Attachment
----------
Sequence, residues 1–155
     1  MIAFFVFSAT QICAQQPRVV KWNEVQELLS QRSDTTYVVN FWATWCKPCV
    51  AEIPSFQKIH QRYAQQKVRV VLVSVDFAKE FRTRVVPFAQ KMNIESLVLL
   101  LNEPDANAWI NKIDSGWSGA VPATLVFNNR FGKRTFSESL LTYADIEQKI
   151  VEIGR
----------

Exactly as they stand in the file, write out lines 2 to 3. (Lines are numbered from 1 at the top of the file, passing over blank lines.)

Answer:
     1  MIAFFVFSAT QICAQQPRVV KWNEVQELLS QRSDTTYVVN FWATWCKPCV
    51  AEIPSFQKIH QRYAQQKVRV VLVSVDFAKE FRTRVVPFAQ KMNIESLVLL